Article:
En español | After months or years of job hunting, are you convinced that the state that you live in may be holding you back from better career options? Relocating may help increase your chances of finding a job, but evaluate your situation before you take that leap. You may be unaware of some of the hidden perks that your state has to offer.
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Personal finance website MoneyRates.com chose the following factors to analyze when compiling its top 10 list of best states for earning a living:
- Average wage
- Unemployment rate
- State tax rate
- Cost of living
The factors were calculated to form an adjusted average income for each state — the average income adjusted for your likelihood of finding a job, the amount you would lose to state taxes and how much buying power your income would allow you to have in that state. The average across all states was $35,960.
Despite the unemployment rate reaching a two-year low at 8.8 percent, older workers, especially women, face a slight rise in joblessness. It may be advantageous for some job seekers to determine whether they are living in a state that offers a better chance of finding a job, or if they can easily work a move into their retirement plans.
Here are MoneyRates.com's 10 best states for earning a living, as well as each state's corresponding annual adjusted average income:
||The unemployment rate isn't low, but the state benefits from relatively high average wages, a low state tax rate and a below-average cost of living.|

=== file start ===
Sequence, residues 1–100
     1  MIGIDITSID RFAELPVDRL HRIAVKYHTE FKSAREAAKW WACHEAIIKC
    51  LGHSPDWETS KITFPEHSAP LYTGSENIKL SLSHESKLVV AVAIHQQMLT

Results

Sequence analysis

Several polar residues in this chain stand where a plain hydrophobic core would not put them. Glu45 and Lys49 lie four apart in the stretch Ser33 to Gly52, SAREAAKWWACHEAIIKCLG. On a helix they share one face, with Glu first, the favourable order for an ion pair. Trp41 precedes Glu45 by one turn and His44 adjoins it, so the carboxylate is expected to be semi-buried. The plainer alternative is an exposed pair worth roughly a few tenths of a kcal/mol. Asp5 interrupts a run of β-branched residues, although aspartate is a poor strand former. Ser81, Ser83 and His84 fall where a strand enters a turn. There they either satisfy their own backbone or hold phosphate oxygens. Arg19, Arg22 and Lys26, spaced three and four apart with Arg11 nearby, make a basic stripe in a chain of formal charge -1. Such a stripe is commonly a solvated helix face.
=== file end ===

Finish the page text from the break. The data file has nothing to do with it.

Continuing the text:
||$41,456||The cost of living may be above average, but so is the typical income, and with no state income tax, you'll keep more of what you earn.|
||Texas has no income tax, along with a relatively low cost of living and unemployment rate.|
|4. Virginia||$41,120||Virginia has high average wages and a relatively low unemployment rate.|
||Delaware's strength is its high average wages.|
||The high cost of living in Massachusetts is counterbalanced by the highest average wage levels of any state.|
||$38,228||A combination of a low cost of living, solid average wages and great banks help Georgia rank high.|
||$38,038||A very low cost of living helps Tennessee overcome relatively low wage levels. The state's taxes don't apply to wages, so you'll keep more of what you make.|
||$38,020||High average wages and a reasonable state tax burden helped Colorado make the list.|
||$37,722||Minnesota has relatively high average wages and below-average unemployment.|